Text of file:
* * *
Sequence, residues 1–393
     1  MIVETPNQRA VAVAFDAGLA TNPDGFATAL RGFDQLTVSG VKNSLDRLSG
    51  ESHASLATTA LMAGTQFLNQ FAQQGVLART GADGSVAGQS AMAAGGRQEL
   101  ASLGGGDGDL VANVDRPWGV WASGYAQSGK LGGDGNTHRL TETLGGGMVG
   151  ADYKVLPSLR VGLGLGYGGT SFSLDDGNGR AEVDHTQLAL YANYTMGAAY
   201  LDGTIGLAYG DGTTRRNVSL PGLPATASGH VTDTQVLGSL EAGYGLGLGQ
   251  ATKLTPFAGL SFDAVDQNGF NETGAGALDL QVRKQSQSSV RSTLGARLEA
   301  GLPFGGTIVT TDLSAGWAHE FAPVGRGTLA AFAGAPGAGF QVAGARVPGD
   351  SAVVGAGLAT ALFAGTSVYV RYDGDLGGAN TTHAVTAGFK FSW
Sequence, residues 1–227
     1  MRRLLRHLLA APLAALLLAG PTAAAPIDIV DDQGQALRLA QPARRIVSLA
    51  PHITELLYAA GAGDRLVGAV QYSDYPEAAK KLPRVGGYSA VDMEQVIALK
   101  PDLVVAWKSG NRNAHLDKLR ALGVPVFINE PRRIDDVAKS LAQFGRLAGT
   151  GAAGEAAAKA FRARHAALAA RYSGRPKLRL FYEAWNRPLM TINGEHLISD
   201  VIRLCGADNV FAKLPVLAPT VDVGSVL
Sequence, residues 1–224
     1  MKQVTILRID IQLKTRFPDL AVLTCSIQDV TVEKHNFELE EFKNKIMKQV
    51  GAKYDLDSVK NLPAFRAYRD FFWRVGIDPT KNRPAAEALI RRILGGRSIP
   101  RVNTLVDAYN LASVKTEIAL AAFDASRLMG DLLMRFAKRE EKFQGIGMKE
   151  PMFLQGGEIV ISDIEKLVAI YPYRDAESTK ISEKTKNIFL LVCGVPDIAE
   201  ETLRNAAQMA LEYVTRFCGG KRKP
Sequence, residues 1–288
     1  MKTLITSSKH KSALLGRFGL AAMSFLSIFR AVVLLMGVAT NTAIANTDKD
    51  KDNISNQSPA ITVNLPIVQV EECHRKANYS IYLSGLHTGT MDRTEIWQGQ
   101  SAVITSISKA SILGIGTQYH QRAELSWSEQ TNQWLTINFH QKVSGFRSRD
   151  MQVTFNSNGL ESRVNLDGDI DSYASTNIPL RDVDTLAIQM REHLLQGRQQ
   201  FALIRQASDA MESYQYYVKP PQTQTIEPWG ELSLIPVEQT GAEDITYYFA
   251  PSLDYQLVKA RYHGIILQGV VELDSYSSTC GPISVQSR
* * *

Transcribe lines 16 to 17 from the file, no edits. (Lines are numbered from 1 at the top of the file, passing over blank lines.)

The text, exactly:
Sequence, residues 1–224
     1  MKQVTILRID IQLKTRFPDL AVLTCSIQDV TVEKHNFELE EFKNKIMKQV